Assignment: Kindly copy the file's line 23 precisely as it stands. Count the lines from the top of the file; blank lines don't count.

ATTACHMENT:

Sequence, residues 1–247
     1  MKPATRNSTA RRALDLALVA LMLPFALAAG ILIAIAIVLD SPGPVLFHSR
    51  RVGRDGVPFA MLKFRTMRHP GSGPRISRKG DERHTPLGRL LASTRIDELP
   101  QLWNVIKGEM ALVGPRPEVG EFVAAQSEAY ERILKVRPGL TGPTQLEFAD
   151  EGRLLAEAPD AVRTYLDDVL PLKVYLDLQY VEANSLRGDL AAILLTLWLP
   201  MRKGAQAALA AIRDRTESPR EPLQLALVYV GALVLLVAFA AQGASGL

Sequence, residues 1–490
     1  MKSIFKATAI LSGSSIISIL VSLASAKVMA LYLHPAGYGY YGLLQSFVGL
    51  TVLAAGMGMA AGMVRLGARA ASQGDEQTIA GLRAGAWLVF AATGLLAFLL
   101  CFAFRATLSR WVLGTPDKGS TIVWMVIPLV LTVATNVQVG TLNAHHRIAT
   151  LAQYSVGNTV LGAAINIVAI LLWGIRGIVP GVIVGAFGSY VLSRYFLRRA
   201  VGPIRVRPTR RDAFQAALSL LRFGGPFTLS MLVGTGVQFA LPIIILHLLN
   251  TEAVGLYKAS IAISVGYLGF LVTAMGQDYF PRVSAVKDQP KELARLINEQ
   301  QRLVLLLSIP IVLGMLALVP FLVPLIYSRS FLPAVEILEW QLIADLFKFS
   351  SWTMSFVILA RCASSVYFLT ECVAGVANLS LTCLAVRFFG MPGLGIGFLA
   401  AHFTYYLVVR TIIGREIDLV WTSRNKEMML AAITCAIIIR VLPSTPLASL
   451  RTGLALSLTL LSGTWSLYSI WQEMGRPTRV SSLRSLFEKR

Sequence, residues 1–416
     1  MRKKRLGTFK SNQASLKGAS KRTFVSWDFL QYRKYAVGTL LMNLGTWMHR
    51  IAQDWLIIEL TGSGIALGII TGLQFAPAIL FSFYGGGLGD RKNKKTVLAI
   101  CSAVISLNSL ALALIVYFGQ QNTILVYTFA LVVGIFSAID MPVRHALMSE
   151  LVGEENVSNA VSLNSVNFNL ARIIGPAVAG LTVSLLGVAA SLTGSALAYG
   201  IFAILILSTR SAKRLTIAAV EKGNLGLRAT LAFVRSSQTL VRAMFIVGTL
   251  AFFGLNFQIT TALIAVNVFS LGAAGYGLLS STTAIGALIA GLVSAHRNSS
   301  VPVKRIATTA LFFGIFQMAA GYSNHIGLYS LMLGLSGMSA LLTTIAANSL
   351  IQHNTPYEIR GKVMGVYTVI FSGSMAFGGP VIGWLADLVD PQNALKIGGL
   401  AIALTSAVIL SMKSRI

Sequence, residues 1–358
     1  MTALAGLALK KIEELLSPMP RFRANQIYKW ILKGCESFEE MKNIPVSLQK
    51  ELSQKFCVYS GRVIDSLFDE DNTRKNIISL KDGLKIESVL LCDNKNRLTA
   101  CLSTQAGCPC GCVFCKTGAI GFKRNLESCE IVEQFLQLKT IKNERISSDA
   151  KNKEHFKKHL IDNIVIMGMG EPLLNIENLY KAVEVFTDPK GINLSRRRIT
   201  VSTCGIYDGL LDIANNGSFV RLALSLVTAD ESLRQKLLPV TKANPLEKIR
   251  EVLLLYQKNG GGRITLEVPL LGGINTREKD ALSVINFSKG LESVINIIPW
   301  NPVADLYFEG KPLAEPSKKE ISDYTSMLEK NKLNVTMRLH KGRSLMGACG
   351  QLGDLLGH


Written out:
   201  IFAILILSTR SAKRLTIAAV EKGNLGLRAT LAFVRSSQTL VRAMFIVGTL